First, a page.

I attended the above event in Cork yesterday morning. Congratulations to all involved. There was really good debate at the tables among the students from the different schools in the Edmund Rice tradition in the Cork area. They talked about what they valued about being part of the Edmund Rice school community, who are those most in need of our support locally, how can we be advocates for the voiceless in our midst, etc.
Donncha O’Callaghan, an Irish International rugby player and past pupil of CBC, spoke about his role as Ambassador for UNICEF. He fielded questions from those present about his role and his career as a International rugby player. Donncha said a lot of interesting things but perhaps the one that sticks in my mind was his simple statement that he now knows the difference between standing in to a photograph for charity and being an advocate for people in need. One is about the “Ego” the other is about being a voice for the voiceless, getting your hands dirty and being changed by the experience. He told the lovely but sad story of being asked to hold a child that was starving and realising that she weighed a little more than the Rugby jersey he wore while his own daughter, who was the same age, just 9 months old, need all his strength to hold safely. The difference? One was lucky enough to be born in a part of the world where there was peace and prosperity.
People often do not understand what advocacy means and mistake it for charity. While charity will always be necessary, Br. Brian Bond pointed out that Advocacy is about fighting for people’s rights. Edmund Rice International does this especially around the rights of the child, the right to education and the right to a sustainable future. Brian encouraged the students present to become advocates for the rights of children in their area and internationally. He invited schools to consider appointing Edmund Rice Ambassadors who would keep the needs of children to the forefront of students minds.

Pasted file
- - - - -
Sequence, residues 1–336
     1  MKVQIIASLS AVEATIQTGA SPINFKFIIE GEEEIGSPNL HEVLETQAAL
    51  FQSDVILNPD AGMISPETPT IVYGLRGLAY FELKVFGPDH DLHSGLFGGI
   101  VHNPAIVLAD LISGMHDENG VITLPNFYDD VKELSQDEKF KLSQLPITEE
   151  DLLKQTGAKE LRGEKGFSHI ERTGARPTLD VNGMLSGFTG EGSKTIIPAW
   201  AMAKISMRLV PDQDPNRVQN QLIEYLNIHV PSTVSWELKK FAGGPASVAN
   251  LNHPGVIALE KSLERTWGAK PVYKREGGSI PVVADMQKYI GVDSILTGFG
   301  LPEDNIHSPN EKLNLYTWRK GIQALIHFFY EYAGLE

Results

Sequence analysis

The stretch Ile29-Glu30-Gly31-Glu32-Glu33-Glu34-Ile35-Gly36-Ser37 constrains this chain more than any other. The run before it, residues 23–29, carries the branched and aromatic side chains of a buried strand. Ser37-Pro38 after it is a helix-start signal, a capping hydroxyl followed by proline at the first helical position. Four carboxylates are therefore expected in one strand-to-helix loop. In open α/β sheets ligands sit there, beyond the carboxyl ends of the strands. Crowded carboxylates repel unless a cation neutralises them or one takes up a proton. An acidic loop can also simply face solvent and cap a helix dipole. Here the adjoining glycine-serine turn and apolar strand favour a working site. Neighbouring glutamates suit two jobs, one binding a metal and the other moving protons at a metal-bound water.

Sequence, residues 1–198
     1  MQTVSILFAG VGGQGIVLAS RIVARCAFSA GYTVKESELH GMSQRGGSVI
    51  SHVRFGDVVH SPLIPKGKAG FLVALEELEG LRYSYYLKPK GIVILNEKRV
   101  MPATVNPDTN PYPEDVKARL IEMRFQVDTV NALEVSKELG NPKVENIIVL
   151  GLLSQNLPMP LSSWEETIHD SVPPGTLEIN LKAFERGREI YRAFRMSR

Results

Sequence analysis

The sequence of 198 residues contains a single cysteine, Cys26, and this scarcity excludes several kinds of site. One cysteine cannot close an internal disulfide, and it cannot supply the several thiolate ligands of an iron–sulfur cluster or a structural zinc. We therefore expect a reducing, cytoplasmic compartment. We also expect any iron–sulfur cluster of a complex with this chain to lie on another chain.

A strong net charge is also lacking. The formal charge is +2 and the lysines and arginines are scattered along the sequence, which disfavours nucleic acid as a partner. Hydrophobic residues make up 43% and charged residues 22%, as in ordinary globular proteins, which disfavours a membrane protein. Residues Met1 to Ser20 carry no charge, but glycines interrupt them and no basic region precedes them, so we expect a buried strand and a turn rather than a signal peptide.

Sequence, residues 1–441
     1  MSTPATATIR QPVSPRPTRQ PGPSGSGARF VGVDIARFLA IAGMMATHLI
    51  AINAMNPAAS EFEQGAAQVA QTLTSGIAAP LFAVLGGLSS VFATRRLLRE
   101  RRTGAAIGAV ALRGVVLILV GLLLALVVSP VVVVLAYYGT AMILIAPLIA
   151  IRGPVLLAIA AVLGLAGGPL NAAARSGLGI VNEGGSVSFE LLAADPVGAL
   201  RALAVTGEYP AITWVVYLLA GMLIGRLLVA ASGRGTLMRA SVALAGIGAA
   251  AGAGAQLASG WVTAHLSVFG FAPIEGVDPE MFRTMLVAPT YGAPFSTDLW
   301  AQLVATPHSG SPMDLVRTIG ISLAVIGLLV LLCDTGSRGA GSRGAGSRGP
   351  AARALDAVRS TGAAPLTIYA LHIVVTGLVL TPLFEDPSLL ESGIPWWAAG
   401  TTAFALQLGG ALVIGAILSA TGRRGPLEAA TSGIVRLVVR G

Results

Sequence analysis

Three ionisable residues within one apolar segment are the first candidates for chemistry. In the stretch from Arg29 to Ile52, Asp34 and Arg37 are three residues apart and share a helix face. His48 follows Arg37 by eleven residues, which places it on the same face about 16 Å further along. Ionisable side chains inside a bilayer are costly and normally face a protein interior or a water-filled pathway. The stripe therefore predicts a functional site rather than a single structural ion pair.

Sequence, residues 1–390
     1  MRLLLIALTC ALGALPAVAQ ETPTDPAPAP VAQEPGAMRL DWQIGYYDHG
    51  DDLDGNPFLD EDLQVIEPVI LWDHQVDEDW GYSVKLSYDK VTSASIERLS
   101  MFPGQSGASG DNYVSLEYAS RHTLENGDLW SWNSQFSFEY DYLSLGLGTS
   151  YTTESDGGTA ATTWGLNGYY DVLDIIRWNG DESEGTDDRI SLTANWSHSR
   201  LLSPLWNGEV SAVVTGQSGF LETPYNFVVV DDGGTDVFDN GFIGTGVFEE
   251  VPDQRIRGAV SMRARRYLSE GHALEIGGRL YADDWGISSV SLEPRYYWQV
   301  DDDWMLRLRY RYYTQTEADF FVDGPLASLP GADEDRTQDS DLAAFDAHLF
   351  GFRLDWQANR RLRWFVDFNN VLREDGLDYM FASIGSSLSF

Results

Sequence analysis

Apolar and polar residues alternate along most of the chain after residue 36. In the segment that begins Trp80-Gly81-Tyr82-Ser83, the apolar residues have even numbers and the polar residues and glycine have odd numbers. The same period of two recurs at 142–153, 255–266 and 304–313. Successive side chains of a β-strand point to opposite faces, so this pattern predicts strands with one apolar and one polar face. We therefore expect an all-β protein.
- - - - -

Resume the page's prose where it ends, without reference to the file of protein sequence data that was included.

During the day Greenmount Presentation Brothers Primary School provided a short music performance and later in the morning Blarney Street Primary school gave us a session of “hard rock” music. One of the striking things about each group, as well as their musical talent, was the international makeup of both groups. This, once again, gave the lie to those who would try to say that Catholic schools are not inclusive.
Once again, great credit is due to all those who organised the day. May it become an annual event. Maybe it will encourage other schools in the Edmund Rice tradition in other parts of the country to consider doing a similar event where both schools and projects of all types can come together to celebrate their identity.